New York — which has become the epicenter of the coronavirus pandemic’s spread in the U.S.– is also, so far, the only state that hasn’t moved to postpone or drastically change the status of its April 28 presidential primary.
Five of the six total states slated to vote that day have delayed or moved to expand absentee voting to continue on with their elections in the midst of the health emergency.
The New York State Election Commissioners Association, along with other voting access groups, have called on Gov. Andrew Cuomo to consolidate the state’s presidential primary election with another primary set for June 23, arguing that the additional time will allow counties to properly prepare and organize around a potentially very different method of voting.
Many issues contribute to what the commission says will be a difficult election to pull off, according to the organization’s president Kelly Penziul. Closed polling sites, lack of poll workers and public health concerns are at the top of the list.
“It’s going be kind of tough to pull this off if we have to stay with April 28. The fact is we don’t want to jeopardize the health of our employees,” Penziul told ABC News. “You can’t quarantine people and then turn around and say, ‘Oh yeah, by the way, there’s an election, go vote.’ You really can’t do that in my eyes at all.”
Other states scheduled to vote late April are expanding their absentee voting process to make sure ballots get cast. Ohio enacted similar changes which would allow for no-excuse absentee voting up until April 28, although some groups argue that the turnaround time is too short for that fix to be sufficient.
“That’ll be a challenge. We have to know that. I don’t think we can go to total absentees because we’d never be able to handle that, especially in the big cities,” said Anthony Scannapieco, the Republican caucus chairman for the commissioners association.
Common Cause New York, a voting rights group, has called on Gov. Cuomo and state officials to consolidate the primary, contending that officials have made it clear that they won’t have the bandwidth to conduct an entirely absentee election by late April.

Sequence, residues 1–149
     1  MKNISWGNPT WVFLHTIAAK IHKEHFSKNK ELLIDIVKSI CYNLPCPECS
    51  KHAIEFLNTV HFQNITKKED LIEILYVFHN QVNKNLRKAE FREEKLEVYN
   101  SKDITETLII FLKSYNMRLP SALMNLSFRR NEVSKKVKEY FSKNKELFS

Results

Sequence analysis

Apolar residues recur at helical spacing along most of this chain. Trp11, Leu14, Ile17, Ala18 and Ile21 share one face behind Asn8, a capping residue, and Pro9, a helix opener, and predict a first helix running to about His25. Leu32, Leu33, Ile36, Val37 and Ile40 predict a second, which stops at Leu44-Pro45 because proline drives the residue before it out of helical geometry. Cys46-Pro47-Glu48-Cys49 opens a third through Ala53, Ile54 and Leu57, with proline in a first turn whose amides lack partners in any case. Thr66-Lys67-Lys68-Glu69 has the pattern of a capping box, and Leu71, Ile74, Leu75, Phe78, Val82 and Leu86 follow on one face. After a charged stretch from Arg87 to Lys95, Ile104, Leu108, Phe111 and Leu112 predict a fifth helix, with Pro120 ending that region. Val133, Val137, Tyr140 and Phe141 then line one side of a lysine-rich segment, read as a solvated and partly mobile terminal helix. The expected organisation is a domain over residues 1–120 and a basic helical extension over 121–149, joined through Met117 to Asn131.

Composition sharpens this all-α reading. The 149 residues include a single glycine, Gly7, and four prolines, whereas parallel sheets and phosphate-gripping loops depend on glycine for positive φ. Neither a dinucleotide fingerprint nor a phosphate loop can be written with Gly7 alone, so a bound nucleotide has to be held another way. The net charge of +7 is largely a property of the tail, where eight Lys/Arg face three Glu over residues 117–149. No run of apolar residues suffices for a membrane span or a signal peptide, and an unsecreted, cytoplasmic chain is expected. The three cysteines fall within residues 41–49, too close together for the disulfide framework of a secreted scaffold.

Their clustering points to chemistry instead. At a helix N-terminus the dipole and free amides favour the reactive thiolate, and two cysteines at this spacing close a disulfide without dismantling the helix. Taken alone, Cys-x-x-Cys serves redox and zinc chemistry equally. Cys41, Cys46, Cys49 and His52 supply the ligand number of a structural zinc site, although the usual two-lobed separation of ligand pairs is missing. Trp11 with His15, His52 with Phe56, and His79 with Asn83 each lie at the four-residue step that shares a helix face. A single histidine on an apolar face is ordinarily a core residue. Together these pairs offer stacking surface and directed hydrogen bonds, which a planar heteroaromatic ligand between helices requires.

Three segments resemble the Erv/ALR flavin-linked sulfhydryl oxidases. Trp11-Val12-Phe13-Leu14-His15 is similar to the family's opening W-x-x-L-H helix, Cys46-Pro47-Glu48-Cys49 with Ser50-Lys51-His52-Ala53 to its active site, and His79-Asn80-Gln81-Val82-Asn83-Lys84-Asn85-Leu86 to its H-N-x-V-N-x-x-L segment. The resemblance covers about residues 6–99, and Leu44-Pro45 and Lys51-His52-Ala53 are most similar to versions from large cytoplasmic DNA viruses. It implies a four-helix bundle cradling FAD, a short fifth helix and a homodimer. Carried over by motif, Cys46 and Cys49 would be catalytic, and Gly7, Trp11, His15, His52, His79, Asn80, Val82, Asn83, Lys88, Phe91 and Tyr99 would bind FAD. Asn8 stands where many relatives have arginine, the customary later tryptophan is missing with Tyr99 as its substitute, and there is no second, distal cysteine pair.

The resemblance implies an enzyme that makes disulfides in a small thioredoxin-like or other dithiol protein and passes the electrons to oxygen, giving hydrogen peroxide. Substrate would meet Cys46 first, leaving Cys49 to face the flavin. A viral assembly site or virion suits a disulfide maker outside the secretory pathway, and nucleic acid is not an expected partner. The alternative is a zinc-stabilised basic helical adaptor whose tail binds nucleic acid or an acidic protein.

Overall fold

“We don’t have the infrastructure in place to do it quite frankly, so that’s anything from having enough paper to print all the ballots, to making sure that we have prepaid postage, to make sure folks can return their ballot. It’s a lot of smaller logistical decisions and preparations that would need to have started weeks ago,” said Sarah Goff, the deputy director of Common Cause New York.
To switch to an all-mail election requires years of transition periods, John Conklin of the New York State Board of Elections said, citing states that have used multiple cycles to make that switch.
“A lot of the states that do vote by mail didn’t do it overnight, didn’t do it in a single election. They built to it over time. It had expanded vote by mail over multiple election cycles and even multiple years,” Conklin said. “So, I think that would be a drastic change for our system, and would require a lot of changes.”
Since counties frequently utilize public facilities — many of which are closed due to coronavirus concerns — officials are worried that if the April 28 day of voting did proceed, there would be nowhere to hold elections.
Penziul said that under the current orders from Gov. Cuomo, it would be impossible to open any of her current polling sites in a way that would prevent large gatherings.
“You have whole sites themselves that are becoming unavailable: schools, public buildings, places that are being shut down,” Conklin said.
The concerns about processing absentee ballots factors into staffing as well. Approximately 55% of poll workers are over the age of 60 in New York, Conklin said, putting many of those who administer the election at risk of contracting or spreading the disease.
Although Gov. Cuomo has made no public move to change the election, officials say they hope to hear from him early next week.
New York State Attorney General Letitia James called for no-excuse absentee voting, which the state does not currently offer, in order to allow the April 28 election to continue.
“Voters shouldn’t have to choose between their health and the right to cast a ballot,” James said in a press release. “If we act now, we have more than a month before the presidential primary and numerous special elections across our state to take action and ensure every eligible New York voter receives an absentee ballot.”
Gov. Cuomo’s office did not respond to request for comment.
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